John—I suppose part of the appeal of the Western comes from the covers chosen by authors and publishers to illustrate the book. What has your experience been like with covers?
Blood on the Plains, at first, had a very bland looking cover. I had a contract with a different publisher at the time. The book wasn’t moving. Outlaws Publishing took a look at the book and the cover. It wasn’t until I signed with Outlaws Publishing that the book was pulled from the market. The book was re-designed, and I immediately saw the difference. The book, with the new cover design, just jumped at you. I knew right then I had made a good decision going with Outlaws. They specialize in the Western genre. Luke Pressor, U.S. Marshal also had two different book covers. Several covers were designed, and we put our heads together and again came up with a colorful book cover with eye appeal.
I think you have some of the best covers around, John. Cliff—you signed a contract with Outlaws Publishing after being both traditionally published and self-published. Do you think a larger publisher is important? Is it a step towards success to garner a large publisher’s interest?
I think it is important to have a good publisher, no matter in which genre you write. I’ve had several publishers who failed big time at actually helping me or being part of my team for success. The larger, well established publishers seem to be out for the almighty dollar and that alone. Your success as a writer doesn’t matter to them, other than they get more money. If you’re asking who I’d consider publishing my Western novels, I’d say use Outlaws Publishing. That’s who I use. They will treat you right, and they really want you to be a success and place their success secondary to yours. Outlaws has several divisions, so they can help you publish in almost any genre. If you’re looking for a publisher, send your manuscript to Outlaws and see if they can help you. Oh, yeah, they don’t charge you to up front to publish your book and are extremely fair on royalty splits.
John—what do you do differently to other authors when writing a Western?
I like to use small, quick one-liners in my stories to add a little comedy. Also to have a few characters who are somehow different from the others.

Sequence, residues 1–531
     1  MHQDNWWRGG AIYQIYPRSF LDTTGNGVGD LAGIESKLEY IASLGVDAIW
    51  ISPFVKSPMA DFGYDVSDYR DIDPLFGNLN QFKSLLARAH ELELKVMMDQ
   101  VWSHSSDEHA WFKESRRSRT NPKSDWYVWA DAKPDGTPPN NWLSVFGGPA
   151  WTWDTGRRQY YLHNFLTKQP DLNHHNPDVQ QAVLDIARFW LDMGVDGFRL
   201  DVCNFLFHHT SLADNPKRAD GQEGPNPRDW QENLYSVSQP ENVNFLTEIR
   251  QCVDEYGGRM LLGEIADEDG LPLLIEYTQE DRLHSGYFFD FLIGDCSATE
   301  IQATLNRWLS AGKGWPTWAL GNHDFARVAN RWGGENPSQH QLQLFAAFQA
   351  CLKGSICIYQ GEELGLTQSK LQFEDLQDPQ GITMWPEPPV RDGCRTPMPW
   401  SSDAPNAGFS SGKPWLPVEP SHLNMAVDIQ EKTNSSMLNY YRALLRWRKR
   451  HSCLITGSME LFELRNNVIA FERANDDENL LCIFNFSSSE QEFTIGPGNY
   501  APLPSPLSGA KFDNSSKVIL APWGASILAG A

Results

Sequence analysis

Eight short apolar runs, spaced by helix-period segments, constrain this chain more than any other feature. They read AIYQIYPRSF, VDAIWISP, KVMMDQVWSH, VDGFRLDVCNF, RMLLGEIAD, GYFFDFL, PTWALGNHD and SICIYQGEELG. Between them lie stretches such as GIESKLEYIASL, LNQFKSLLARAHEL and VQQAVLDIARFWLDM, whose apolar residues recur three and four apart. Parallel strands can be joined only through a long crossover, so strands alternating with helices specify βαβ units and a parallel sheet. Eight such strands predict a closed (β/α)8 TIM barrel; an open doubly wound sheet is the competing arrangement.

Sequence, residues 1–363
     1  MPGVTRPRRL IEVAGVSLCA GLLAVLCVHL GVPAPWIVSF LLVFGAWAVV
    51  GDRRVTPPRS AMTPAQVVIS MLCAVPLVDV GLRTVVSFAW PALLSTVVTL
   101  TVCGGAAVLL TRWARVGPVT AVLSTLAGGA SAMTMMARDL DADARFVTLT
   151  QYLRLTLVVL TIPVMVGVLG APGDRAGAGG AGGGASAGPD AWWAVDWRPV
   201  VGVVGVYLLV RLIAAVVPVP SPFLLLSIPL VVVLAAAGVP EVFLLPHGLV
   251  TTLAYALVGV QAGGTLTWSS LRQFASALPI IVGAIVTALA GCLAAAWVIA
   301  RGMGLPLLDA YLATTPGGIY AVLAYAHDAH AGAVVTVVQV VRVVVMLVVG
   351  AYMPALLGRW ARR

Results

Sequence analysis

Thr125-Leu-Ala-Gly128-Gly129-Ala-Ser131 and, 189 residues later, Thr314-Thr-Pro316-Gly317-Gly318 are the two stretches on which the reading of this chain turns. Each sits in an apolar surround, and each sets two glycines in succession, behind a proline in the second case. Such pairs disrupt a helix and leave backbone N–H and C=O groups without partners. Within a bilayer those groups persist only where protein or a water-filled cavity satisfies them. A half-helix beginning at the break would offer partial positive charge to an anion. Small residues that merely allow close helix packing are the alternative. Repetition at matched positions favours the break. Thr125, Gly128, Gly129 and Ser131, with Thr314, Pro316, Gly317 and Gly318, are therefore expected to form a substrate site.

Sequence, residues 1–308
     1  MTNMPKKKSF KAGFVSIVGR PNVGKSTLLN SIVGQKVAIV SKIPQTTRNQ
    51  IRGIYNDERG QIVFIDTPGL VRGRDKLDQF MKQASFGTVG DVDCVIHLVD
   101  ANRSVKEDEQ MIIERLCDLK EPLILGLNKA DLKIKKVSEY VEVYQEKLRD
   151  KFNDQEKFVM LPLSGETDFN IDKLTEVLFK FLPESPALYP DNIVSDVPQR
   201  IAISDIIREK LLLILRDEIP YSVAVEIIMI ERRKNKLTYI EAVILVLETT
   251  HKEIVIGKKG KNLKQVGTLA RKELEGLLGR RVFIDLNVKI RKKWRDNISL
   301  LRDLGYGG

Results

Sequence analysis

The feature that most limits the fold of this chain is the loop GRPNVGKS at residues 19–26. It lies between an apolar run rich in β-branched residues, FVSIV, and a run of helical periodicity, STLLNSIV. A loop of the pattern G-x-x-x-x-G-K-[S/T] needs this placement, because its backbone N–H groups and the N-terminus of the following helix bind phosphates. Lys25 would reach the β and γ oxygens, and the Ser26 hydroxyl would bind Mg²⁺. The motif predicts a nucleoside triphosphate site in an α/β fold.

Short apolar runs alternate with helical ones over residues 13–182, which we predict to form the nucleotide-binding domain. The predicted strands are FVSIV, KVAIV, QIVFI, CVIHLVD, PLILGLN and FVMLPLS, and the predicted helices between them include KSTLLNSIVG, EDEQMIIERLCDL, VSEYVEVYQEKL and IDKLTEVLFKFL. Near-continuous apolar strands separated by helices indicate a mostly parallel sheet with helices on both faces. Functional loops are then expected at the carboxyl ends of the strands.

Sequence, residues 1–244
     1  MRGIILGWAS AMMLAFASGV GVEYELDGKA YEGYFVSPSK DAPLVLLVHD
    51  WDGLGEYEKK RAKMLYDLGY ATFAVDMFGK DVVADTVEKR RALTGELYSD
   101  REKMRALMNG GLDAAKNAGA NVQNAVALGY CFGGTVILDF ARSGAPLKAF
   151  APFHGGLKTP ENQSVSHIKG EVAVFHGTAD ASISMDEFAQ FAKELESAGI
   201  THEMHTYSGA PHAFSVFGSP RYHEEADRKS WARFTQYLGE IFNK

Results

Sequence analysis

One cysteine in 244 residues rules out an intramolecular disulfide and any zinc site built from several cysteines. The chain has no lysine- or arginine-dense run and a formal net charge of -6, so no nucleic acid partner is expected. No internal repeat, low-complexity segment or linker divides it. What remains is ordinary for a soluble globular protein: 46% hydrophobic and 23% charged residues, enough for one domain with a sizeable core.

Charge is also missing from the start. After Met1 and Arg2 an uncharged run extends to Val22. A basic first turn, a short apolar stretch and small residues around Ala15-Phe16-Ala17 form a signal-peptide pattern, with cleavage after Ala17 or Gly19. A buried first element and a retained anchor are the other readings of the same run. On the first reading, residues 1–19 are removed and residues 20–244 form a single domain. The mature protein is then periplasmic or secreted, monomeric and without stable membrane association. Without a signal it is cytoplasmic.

I think that’s an important part of being human, John. It’s a shame more writers can’t attempt to inject human characteristics into their books. Alex, let me ask you a similar question. What real life inspiration do you draw from people you know when writing your books?
My life is filled with experiences with all kinds of people. A rich bank from which to draw truth. Most of my characters are either based on people I know or have elements of them. I have made a practice of acquiring characters throughout my life and studying them. A creative artist, writer, actor, painter, dancer, musician, must be intensely curious, perceptive and interested.
Cliff would you agree with Alex? And would you go back to the West if you could?
I would agree with Alex. And no, I don’t think so. Whereas part of the Old West seems romantic and peaceful, it was a very dangerous place. Knowing me as I do, I’d probably end up having to learn to be a gunfighter and fast because I don’t take injustice well. I’d be out there trying to stop the lawlessness and probably get shot dead. Maybe I’d even become a historical figure if I did. The quickest lawman to get killed.
John—what would your one piece of advice be for a young author?
For new writers, make sure you get an editor. You can’t edit the book enough. When you’re ready to publish, look around and choose wisely, then stand by for the reviews.
I think that’s great advice. Alex, did you learn anything from writing your latest Western?
I did. That writing is fun, challenging and bloody hard work. Many people say they would like to write a book, and I believe that everyone has a book in them. Getting it out from within and onto blank pages is another matter. It requires huge belief and relentless commitment.
What a learning process. Cliff, what do you think is the key to success?
Good writing, good promotion and making sure you surround yourself with those who will help you, rather than hinder you. A good publisher, publicist, and editor will make you as an author. A poor publisher, publicist, or editor will break you. I need say no more. Invest in yourself, your product and hire a good publicist.
And John—what does it feel like to be one of the top authors in the business?
It feels pretty good. It’s good to know that somebody is enjoying your story.
Check out the latest books from these three great authors.